NetApp Inc. refreshed its flash and hybrid storage arrays, updated its ONTAP software and expanded its public cloud...
support to kick off its annual Insight technical conference in Las Vegas.
The new All Flash FAS (AFF) A700 and A300 models can provide up to twice the performance at about half the latency of their predecessor models, the NetApp AFF8080 and 8040, according to the vendor.
NetApp claimed the new FAS9000 and FAS8200 hybrid models -- equipped with solid-state drives (SSDs) and hard disk drives -- improve performance by up to 50% over the prior models, FAS8080 and FAS8040, respectively.
Entry-level FAS2650 and FAS2620 arrays deliver up to three times the performance and reduce latency, compared with the previous FAS2500 generation, thanks, in part, to Flash Cache technology that now supports nonvolatile memory express (NVMe), according to NetApp.
Dave Mason, senior vice president of global accounts and ONTAP acceleration at NetApp, based in Sunnyvale, Calif., said all new AFF and FAS models support NVMe-based Flash Cache, use new Intel Broadwell multicore processors and benefit from performance-boosting ONTAP operating system improvements.
Another enhancement in ONTAP 9.1 is FlexGroup technology that can enable NAS users to scale up to 20 PB and 400 billion files in a single namespace. NetApp said it envisions use cases in the high-tech, media and entertainment, oil and gas, and electronic-design industries.
Other new features in the upcoming ONTAP 9.1 include software-based, volume-level encryption to eliminate the need for self-encrypting disk hardware and extended cloud support for Microsoft Azure. NetApp previously supported only Amazon Web Services.
Mason said customers would have the option to offload data to Amazon Simple Storage Service or Microsoft Azure object storage, or run ONTAP Select on servers with accompanying block-based storage in those public clouds. NetApp added support for all-flash commodity servers with ONTAP Select.
"Cloud support is a must for an enterprise storage vendor that wants to continue to grow, and you have to have, at a minimum, support for Amazon and Azure," Eric Burgener, a research director in the storage practice at IDC, wrote in an email.
NetApp AFF growth
Eric Burgenerresearch director for the storage practice, IDC
Burgener said NetApp is "still killing it" on all-flash array (AFA) growth, at 264% from the first to second quarter of this year. He said the next closest vendor, Dell EMC, had less than half the growth rate -- although, EMC's overall revenue is much higher.
"What makes [NetApp's] AFAs stand out is the maturity and comprehensiveness of their data services offerings with ONTAP 9 and their excellent data center ecosystem integration capabilities," Burgener wrote. "Mixed primary workload consolidation is what people are mostly buying AFAs for now, and those are two key capabilities."
The base bundle for NetApp ONTAP includes features such as deduplication, compression, thin provisioning, snapshots, storage quality of service, multipath I/O and management. Burgener said NetApp is not the fastest or the most scalable all-flash array, but its support for 15 TB SSDs puts the vendor among the leaders in storage density.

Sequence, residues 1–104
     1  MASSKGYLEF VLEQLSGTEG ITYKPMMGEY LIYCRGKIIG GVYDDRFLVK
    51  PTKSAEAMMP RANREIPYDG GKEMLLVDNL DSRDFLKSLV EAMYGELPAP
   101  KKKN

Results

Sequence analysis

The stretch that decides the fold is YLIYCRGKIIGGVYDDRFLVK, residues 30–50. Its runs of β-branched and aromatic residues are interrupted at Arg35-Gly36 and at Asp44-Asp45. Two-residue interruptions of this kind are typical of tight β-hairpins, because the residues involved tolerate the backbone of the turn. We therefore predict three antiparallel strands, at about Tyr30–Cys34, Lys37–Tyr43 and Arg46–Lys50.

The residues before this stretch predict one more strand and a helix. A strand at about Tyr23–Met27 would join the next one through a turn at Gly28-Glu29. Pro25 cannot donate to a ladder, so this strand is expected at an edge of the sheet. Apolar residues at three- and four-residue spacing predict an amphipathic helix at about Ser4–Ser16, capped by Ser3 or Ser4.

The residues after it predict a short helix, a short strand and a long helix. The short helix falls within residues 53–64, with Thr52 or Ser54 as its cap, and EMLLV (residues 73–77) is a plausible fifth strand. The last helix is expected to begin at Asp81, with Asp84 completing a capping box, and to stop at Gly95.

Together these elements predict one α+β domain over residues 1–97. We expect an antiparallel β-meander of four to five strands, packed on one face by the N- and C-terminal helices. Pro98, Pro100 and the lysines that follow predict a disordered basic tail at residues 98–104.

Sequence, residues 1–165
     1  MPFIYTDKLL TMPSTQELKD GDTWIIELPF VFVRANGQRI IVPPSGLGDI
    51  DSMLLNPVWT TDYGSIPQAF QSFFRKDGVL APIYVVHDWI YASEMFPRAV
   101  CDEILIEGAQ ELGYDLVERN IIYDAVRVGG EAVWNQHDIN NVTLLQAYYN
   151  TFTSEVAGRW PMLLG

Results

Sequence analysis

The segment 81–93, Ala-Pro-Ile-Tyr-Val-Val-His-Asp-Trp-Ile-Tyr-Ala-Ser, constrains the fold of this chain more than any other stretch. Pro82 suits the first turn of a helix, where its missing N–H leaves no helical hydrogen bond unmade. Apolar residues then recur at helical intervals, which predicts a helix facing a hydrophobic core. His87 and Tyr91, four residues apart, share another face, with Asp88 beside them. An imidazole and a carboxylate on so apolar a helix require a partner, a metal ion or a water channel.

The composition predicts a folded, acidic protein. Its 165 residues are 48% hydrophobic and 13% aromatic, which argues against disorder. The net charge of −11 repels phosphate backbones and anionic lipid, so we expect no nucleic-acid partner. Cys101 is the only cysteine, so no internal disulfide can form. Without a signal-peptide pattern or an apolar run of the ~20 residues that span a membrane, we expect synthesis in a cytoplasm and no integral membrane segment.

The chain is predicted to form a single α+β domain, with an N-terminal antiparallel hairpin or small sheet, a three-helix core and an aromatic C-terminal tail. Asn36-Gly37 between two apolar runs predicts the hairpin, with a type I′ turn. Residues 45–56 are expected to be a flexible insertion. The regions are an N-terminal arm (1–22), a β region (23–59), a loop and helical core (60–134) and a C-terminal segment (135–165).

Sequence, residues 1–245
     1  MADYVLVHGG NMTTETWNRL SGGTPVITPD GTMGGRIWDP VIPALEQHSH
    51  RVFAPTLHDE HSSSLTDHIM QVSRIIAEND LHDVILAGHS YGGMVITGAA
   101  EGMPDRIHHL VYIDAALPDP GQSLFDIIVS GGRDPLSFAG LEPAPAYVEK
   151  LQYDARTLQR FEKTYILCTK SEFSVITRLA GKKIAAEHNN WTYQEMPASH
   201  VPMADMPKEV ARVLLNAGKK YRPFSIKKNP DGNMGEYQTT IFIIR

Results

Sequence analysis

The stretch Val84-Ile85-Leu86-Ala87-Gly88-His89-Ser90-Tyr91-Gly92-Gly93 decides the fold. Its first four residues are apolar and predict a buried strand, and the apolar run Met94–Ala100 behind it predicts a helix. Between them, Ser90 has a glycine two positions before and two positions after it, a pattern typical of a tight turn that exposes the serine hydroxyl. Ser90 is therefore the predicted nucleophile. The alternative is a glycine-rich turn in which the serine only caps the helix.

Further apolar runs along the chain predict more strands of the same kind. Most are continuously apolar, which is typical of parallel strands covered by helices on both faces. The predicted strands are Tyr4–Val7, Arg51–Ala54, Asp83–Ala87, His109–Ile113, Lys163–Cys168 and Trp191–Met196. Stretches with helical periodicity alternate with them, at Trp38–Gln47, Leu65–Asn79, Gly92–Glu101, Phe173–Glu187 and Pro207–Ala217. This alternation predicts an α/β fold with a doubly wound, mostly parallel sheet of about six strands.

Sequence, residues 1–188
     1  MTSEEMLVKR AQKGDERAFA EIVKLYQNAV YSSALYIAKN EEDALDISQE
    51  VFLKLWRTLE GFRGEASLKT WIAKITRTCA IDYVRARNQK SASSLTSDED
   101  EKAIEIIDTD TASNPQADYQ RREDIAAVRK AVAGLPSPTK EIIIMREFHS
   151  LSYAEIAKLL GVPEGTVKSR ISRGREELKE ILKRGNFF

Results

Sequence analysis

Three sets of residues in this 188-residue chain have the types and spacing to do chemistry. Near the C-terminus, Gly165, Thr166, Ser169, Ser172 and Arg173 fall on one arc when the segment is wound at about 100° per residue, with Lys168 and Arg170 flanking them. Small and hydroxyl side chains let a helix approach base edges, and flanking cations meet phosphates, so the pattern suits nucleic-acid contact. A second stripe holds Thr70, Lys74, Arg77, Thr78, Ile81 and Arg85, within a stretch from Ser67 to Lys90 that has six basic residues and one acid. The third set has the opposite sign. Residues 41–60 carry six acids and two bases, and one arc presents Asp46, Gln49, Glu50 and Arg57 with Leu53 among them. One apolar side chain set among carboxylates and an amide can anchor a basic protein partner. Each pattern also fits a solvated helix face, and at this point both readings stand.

The maximum raw capacity per high availability (HA) pair is 7.3 PB for the high-end NetApp AFF A700 in an 8U chassis and 5.9 PB for the midrange A300 in a 3U chassis. The systems can scale out to 24 nodes, or 12 HA pairs, for NAS and 12 nodes, or six HA pairs, in SAN configurations.
The FAS9000 has a maximum raw capacity of 14.4 PB per HA pair, including a flash pool of 144 TB, with a maximum onboard NVMe-based Flash Cache capacity of 16 TB. The system can scale out to 12 HA pairs, or 24 nodes, at a maximum raw capacity of 172 PB.
New modular design
Mason said the new modular design of the NetApp AFF A700 and FAS9000 would enable customers to nondisruptively upgrade, or hot swap, the motherboard, power supplies and I/O module for up to three generations.
"This is totally different than what we've ever done in the past," Mason said. "We'll be developing and delivering new motherboards that have high capacity, higher ability to handle more cores and more speed. [Customers] won't have to do a wholesale swap or a forklift upgrade. They can actually just pull the motherboard out, put a new motherboard in with the new processor and new cards and run it without any impact to the application."
Burgener said the hot-swap features would be helpful, but not unique. "Pure Storage can actually upgrade an entire system, including the backplane, in place. NetApp can't do that," he said.
The NetApp AFF A300 and FAS8200, FAS2650 and FAS2620 do not share the modular design of the A700 and FAS9000, and they will not offer the hot-swap capabilities.
The FAS8200 has a maximum raw capacity of 4.8 PB per HA pair, including 48 TB of flash, and a maximum onboard NVMe-based Flash Cache capacity of 4 TB. The system can scale to 12 HA pairs, or 24 nodes, for a maximum raw capacity of 57 PB, including a flash pool of 576 TB.
The lower-end FAS2650 has a maximum raw capacity of 1.243 PB, including a flash pool of 24 TB, and NVMe-based Flash Cache of 1 TB. The system can scale to a 5 PB raw, including 96 TB of flash, through four HA pairs, or eight nodes.
The FAS2620 maxes out at a raw capacity of 1.44 PB, including 24 TB of flash, and offers 1 TB of Flash Cache. The maximum clustered raw capacity is 5.7 PB through four HA pairs, or eight nodes.
The new NetApp arrays support 32 Gbps Fibre Channel and 40 Gbps Ethernet, as well as 12 Gbps SAS-3 storage connections. All of the new arrays and ONTAP capabilities are due to become generally available in the fourth quarter, according to NetApp. Pricing information was unavailable.
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